Did you happen to catch my October 2020 column in GRAND, where I announced the coming of the second edition of the famous Barnett/Baxter/Colwell/Lovel Family Cookbook? In case you didn’t, here’s a recap. 

My lifelong friend Marsha and I were born two days apart, reaching across the newborn bassinets at McCall Hospital to clink our glass Evenflow bottles and pledge undying friendship. We grew up together, navigating infancy, childhood, teen-dom, college, marriage, births, deaths and holidays within an arm’s reach of one another. These days we enjoy texting pics of our grandchildren back and forth and we sit together in church every Sunday. 

When our progeny began spreading their wings, they would ask for fondly remembered recipes. Having quickly grasped the futility of texting a recipe, we filled a photo book with sixty scanned recipes and gave it to the kiddos for Christmas in 2014. They loved it, but in no time they noticed that the recipes were in no particular order and we began to get requests for a second edition. “Please be sure to put an index in this one.”  Here’s the status of the project. 

First, a word about medium. 

Have you ever googled a recipe only to wade through screen after screen of passionately personal headnotes? I just wanted the ingredients for tzatziki sauce while I was at the grocery store and got firehosed with stories. That exhaustive prose made no sense until now. 

Are recipes copyrighted? Yes and no. A list of ingredients is not copyrightable, but if there’s a custom headnote, personalized instructions or their own photos, all that is copyrighted.  

 Of course. They’re copyrighting their recipes. You can publish a recipe from anywhere, and if you rewrite everything but the ingredient list, it becomes your own.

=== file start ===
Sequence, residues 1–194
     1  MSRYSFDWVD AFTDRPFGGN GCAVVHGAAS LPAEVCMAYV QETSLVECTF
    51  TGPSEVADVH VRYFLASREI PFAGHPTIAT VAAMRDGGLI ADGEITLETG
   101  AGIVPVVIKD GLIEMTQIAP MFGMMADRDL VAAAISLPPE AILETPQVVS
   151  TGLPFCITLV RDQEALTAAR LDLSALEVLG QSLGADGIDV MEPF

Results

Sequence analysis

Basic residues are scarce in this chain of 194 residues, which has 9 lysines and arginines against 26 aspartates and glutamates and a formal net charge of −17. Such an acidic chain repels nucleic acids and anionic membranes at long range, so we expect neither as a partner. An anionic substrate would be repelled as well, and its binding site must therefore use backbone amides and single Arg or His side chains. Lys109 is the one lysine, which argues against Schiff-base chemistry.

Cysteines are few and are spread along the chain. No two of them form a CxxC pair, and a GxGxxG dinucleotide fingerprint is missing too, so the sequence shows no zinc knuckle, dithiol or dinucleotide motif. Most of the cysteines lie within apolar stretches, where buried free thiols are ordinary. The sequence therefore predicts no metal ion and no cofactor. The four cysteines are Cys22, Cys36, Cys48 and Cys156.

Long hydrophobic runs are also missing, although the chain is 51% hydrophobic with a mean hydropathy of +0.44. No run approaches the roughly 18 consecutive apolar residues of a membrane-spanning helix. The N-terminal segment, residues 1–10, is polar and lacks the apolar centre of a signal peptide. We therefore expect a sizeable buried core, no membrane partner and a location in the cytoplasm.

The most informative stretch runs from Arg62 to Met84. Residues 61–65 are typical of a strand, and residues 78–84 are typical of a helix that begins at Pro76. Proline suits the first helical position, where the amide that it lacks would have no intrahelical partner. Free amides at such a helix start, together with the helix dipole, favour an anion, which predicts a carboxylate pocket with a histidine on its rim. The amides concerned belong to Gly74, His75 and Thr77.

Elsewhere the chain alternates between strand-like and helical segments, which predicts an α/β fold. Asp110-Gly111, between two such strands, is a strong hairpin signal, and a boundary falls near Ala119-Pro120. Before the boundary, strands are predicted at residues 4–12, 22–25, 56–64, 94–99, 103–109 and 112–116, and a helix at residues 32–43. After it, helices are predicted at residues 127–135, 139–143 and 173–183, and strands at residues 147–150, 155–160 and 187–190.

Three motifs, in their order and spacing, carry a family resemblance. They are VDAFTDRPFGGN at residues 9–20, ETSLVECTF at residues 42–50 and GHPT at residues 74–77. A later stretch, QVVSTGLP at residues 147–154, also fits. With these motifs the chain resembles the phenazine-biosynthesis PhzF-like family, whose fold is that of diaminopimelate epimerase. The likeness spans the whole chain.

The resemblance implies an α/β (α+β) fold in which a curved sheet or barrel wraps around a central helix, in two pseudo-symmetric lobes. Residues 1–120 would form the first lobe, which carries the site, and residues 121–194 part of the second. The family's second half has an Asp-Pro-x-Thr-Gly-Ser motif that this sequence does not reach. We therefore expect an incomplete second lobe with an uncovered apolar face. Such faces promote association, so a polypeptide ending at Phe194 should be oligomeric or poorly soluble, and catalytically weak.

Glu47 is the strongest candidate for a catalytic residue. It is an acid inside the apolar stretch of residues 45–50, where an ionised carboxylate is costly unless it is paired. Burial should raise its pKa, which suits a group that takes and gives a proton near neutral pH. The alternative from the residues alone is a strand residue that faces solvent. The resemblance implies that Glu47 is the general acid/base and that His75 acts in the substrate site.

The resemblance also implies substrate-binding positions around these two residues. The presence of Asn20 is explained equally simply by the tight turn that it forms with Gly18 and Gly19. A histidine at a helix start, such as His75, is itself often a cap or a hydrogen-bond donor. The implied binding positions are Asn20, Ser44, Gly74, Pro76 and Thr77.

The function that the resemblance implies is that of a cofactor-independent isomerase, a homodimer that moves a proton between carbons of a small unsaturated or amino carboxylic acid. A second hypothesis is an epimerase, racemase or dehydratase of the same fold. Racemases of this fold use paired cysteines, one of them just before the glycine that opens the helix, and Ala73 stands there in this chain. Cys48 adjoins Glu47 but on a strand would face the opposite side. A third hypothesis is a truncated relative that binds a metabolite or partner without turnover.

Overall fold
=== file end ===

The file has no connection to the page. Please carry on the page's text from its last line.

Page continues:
I’m not gonna play that game. I work in education and embrace attribution. This cookbook will be simple. I’ll build it online and all I want is for you and the kids to get to the recipe you’re seeking while in the grocery store without having to read War and Peace. Deal? 

The standard cookbook chapters will be there: Appetizers, Breads, Salads, Vegetables, Mains, Soups, Grilling/Marinades, etc., and there will be a lovely Ode to the Iron Skillet, but there are also a couple of chapters you won’t find anywhere else, including “Just Buy It”. 

Want a sneaky-peek? 

At the risk of being accused of The Great Cookbook Cop-out, Marsha and I decided that there are some things you can buy that are every bit as tasty and nutritious as what you can make yourself. So there’s a chapter named “Just Buy It”. 

Here’s your sneak-peek: 


There could be a whole chapter on slaw and all its cabbage-y permutations. Mayo vs vinegar, celery seeds, onion vs no onion, carrots vs no carrots… I never order slaw because there’s no telling what I will get, but I do love my *own* slaw (chopped cabbage with a touch of sweet onion and mayo, salt, sugar and pepper, since you asked). 

But, what if there’s a last-minute invite and you just want to take the best you can grab on the run? 

 Scene:  Sunday rain was predicted but the sun burst forth just after lunch, so you head out to work in the yard. Your friends with a pool holler “Come on over!” but you just got started in the yard and you want to treasure the sudden Sunday sunshine, so you say “We’ll be there around three and bring a couple packs of weenies and buns.” As you pull the weeds you think about how good those grilled dogs would be with some chili and slaw, and you know your own chili and slaw would be the best. But you’re focused on yard work, not slaw-and-chili-cooking work. Think “Just buy it!” Get your weeds pulled and shower off, then snag some chili at Wendy’s and some slaw at KFC, then go jump in and cool off! The dogs will be yummy.